NSA hacked into the servers and network equipment of Huawei, the private Chinese telecom firm, to determine its ties to Beijing and to exploit those networks and equipment when purchased by third countries or companies in those countries. Isn’t this the mirror image of our reasons to keep Huawei out of the U.S. and to deny them the right to direct investment under CFIUS?
The U.S. government does not want U.S. telecom firms to buy Huawei equipment because it fears they might be used to compromise U.S. networks and to gain access to U.S. government information. Huawei has been shut out of the U.S. market. It is now the second largest supplier of wireless gear in the world. It is second only to Cisco Systems. NSA snooping into Huawei’s produced equipment must be giving foreign buyers some serious concerns.
I wonder to what extent plain old considerations of international commercial competitiveness is behind this latest action by the NSA and not just legitimate political and national security concerns.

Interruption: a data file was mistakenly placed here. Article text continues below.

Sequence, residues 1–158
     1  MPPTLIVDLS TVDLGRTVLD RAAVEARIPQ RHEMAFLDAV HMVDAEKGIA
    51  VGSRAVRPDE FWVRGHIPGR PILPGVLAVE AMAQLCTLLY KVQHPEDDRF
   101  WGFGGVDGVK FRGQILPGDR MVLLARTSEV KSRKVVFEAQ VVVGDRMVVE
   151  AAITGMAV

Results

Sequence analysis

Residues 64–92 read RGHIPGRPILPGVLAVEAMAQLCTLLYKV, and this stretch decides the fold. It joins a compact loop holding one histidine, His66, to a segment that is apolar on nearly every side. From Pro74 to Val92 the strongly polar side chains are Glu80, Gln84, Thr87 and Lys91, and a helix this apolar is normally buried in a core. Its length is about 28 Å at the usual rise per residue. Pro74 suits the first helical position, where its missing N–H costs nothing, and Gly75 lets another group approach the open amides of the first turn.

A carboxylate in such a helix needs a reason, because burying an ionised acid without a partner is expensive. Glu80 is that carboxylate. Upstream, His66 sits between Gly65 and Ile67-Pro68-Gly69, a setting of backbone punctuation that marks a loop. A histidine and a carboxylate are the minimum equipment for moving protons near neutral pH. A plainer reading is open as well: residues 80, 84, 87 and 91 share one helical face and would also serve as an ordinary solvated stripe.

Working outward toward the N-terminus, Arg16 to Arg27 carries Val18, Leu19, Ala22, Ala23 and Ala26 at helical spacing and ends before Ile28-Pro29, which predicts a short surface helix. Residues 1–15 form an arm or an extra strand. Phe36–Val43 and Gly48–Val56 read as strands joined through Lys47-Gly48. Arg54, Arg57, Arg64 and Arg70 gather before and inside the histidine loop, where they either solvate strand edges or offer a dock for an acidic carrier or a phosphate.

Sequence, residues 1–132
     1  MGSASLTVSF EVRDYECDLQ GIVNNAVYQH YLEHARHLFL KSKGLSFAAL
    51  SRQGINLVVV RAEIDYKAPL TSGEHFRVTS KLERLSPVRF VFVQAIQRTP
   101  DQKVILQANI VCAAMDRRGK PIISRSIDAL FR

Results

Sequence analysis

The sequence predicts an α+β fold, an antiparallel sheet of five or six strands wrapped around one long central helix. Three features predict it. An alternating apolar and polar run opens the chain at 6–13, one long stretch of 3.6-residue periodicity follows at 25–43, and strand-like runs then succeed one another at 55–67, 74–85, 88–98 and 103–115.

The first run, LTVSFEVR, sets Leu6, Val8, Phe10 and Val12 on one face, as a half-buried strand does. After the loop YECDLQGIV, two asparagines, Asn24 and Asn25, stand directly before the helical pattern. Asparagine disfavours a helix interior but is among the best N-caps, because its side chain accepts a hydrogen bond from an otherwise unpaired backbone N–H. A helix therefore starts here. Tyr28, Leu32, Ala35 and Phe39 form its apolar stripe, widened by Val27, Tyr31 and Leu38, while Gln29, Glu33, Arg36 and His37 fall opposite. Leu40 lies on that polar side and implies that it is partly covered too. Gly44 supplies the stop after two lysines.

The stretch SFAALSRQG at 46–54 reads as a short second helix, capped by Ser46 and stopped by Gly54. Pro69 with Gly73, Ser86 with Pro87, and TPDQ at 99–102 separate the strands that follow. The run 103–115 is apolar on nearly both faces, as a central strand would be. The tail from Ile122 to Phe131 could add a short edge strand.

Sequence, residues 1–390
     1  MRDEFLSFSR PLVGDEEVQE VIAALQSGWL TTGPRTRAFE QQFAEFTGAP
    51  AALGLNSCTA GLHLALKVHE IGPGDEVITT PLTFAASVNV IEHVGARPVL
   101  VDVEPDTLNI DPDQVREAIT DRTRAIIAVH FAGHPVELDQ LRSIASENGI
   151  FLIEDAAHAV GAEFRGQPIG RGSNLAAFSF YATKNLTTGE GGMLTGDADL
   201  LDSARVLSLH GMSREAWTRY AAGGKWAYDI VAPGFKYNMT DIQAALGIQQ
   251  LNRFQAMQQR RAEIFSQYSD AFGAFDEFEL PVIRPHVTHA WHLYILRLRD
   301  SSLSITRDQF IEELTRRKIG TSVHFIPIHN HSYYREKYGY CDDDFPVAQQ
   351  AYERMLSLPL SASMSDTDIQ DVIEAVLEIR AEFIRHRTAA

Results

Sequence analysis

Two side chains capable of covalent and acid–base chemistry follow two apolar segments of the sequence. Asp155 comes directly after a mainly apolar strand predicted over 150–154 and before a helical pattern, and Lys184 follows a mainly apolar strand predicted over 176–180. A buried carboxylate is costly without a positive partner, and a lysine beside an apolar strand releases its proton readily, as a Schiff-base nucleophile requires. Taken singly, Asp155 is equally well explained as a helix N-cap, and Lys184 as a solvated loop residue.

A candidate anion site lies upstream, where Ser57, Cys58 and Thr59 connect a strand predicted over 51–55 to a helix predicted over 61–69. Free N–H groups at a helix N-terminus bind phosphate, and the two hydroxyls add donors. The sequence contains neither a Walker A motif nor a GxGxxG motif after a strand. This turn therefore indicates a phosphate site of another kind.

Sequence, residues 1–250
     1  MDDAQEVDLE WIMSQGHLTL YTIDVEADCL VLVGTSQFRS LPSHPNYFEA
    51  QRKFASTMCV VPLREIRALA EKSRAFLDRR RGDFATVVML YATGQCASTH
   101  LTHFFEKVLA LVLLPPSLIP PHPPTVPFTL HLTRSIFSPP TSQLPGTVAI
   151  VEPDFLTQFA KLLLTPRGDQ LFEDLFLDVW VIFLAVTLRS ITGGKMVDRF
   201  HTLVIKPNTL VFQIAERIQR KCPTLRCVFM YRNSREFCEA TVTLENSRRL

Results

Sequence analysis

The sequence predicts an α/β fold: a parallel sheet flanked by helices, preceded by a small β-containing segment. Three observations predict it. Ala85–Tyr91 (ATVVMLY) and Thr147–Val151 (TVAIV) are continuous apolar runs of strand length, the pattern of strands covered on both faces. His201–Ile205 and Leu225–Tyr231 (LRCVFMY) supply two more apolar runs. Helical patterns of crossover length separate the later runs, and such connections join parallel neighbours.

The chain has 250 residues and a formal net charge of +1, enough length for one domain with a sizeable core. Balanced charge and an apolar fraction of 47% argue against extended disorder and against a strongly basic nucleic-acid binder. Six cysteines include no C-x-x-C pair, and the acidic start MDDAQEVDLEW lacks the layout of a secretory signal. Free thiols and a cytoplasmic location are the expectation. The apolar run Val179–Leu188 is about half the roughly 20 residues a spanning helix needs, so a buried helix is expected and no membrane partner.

This is a fair question since the NSA always argues that its actions are only for national security and not for the commercial advantage of the U.S. or a particular U.S. firm. Don’t think China is buying this argument.
…. “U.S. Briefs China on Cybersecurity Policies.” New York Times (April 7, 2014).
…… “NSA Breach Chinese Servers.” New York Times (March 23, 2014).
…… “NSA Accused of Breaching Networks.” Financial Times (March 24, 2014).
…… “Cheap and Now Ubiquitous: Huawei.” Wall Street Journal (March 25, 2014).
…… “Cyberwarfare Force will Grow Significantly.” Washington Post (March 29, 2014).
…… Malawer, “Cyberwarfare — Law and Proposals.” (2010).